Hand problems in the past, world title shot in the near future if Tommy McCarthy can defend European Cruiser title
TOMMY McCarthy's hand problems are in the past and a world title shot could be the near future if he can get past Romanian Alexandru Jur in the first defence of his European cruiserweight title in Manchester on Saturday night.
As we have seen repeatedly this year, the best laid plans of Irish boxers have often gone awry and McCarthy insists his focus is fairly and squarely on Jur (19-4) who will go in as underdog but is vastly experienced and went the distance with former WBC cruiserweight champ Krzysztof Wlodarczyk in 2019.
Jur has lost three of his last five and has been stopped twice but, at 36, he is in the last chance saloon and will be determined to be the latest fighter to dash Irish hopes in the ring this year.
“I feel great,” said McCarthy who arrived in Manchester yesterday.
“Training has been perfect, so I'm really looking forward to Saturday night. At the start of the camp you think: ‘This is going to be a long eight weeks' but it flies in and then the last couple of weeks have dragged so I can't wait to get in there and get it over and done with – I want to get the show on the road.”
McCarthy out-pointed Belgian Bilal Laggoune to win his European belt last October despite boxing with a broken hand (the metacarpal bone) and the British Boxing Board of Control insisted that he went for an x-ray last week to prove the injury was completely healed.
“Everything is A-OK,” said the Lenadoon native.
“I'm back to my full strength. If you don't pick up wee, minor injuries in training you're obviously not training hard enough – you pick up wee niggles here and there because you're putting your body under so much stress but I haven't picked up anything as major as the last time.”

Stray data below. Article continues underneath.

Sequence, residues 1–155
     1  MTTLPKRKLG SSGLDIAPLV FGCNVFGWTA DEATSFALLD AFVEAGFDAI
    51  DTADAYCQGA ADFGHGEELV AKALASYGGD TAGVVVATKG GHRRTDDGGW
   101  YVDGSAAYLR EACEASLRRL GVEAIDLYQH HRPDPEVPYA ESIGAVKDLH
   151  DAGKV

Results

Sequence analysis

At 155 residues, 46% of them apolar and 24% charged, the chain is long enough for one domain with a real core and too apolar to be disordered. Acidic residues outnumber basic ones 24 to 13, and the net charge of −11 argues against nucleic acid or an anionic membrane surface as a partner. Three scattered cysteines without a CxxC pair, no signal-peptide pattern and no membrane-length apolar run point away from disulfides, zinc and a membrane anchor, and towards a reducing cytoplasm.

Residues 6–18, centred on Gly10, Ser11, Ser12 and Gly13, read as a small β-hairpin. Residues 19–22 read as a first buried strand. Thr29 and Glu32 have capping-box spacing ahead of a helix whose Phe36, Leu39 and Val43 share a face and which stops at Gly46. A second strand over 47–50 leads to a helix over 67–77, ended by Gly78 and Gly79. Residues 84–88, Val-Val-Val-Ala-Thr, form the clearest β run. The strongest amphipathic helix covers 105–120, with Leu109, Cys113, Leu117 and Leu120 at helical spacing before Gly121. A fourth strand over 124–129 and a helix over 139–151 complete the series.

McCarthy's opponent Jur stands tall and works off a crisp jab but the seven stoppage wins on his 23-fight card indicate that he is not a dangerous puncher and McCarthy can certainly outwork him on Saturday night.
His coach Pete Taylor has studied Jur's style and form workout a gameplan for the fight which is chief support to the Lerrone Richards versus Giovanni De Carolis headline act.
“If I watch him too much I end up picking up on what he does well and what his strengths are,” said McCarthy.
“It can start making me second-guess a wee bit so I have left it all up to Pete to do the homework because this is a good opportunity for Jur. He's had the same notice that I have so I'm expecting a tough fight.
“He is a solid all-rounder. He is good across the board, he's not amazing at anything but he's good and he has plenty of experience at the top level – he's been a title holder and been in with some good fighters. He's dangerous.”
McCarthy is dangerous too of course and since his link-up with Dublin-based Taylor he has stepped up a level and scored impressive wins against Fabio Turchi (in Italy) and then Laggoune.
“I feel like I'm improving in every camp under Pete,” he said.
“When you work with a coach there is no quick fix. The first fight with Pete was Turchi and we did seven weeks and you can't work miracles in seven weeks. We had a year until Laggoune and we've had another six months to this fight and what we've been working on in the gym is really kicking in and I feel myself getting better and better.”
As he steps up in class he will need that improvement and he hopes to land that elusive world title shot when he gets past Jur.